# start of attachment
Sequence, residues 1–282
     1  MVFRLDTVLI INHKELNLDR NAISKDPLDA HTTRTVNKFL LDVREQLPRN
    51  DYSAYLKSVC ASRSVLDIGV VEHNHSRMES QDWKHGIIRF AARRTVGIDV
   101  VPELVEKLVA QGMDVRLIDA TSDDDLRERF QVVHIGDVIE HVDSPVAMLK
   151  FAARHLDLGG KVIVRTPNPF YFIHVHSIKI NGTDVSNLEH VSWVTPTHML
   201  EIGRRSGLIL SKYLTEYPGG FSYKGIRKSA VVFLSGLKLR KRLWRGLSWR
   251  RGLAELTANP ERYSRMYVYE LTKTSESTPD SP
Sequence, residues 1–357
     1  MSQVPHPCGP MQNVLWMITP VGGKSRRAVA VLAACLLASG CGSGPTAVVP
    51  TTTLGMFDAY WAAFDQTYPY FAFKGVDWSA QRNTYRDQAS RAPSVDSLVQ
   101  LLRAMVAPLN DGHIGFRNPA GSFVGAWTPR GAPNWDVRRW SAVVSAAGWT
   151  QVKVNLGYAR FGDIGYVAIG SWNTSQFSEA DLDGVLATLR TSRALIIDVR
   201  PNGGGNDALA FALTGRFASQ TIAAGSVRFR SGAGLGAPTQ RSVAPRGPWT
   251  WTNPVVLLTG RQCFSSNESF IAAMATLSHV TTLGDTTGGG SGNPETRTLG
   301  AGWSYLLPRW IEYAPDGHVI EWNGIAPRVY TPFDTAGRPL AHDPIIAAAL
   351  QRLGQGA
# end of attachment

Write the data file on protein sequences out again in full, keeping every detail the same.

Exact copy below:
Sequence, residues 1–282
     1  MVFRLDTVLI INHKELNLDR NAISKDPLDA HTTRTVNKFL LDVREQLPRN
    51  DYSAYLKSVC ASRSVLDIGV VEHNHSRMES QDWKHGIIRF AARRTVGIDV
   101  VPELVEKLVA QGMDVRLIDA TSDDDLRERF QVVHIGDVIE HVDSPVAMLK
   151  FAARHLDLGG KVIVRTPNPF YFIHVHSIKI NGTDVSNLEH VSWVTPTHML
   201  EIGRRSGLIL SKYLTEYPGG FSYKGIRKSA VVFLSGLKLR KRLWRGLSWR
   251  RGLAELTANP ERYSRMYVYE LTKTSESTPD SP
Sequence, residues 1–357
     1  MSQVPHPCGP MQNVLWMITP VGGKSRRAVA VLAACLLASG CGSGPTAVVP
    51  TTTLGMFDAY WAAFDQTYPY FAFKGVDWSA QRNTYRDQAS RAPSVDSLVQ
   101  LLRAMVAPLN DGHIGFRNPA GSFVGAWTPR GAPNWDVRRW SAVVSAAGWT
   151  QVKVNLGYAR FGDIGYVAIG SWNTSQFSEA DLDGVLATLR TSRALIIDVR
   201  PNGGGNDALA FALTGRFASQ TIAAGSVRFR SGAGLGAPTQ RSVAPRGPWT
   251  WTNPVVLLTG RQCFSSNESF IAAMATLSHV TTLGDTTGGG SGNPETRTLG
   301  AGWSYLLPRW IEYAPDGHVI EWNGIAPRVY TPFDTAGRPL AHDPIIAAAL
   351  QRLGQGA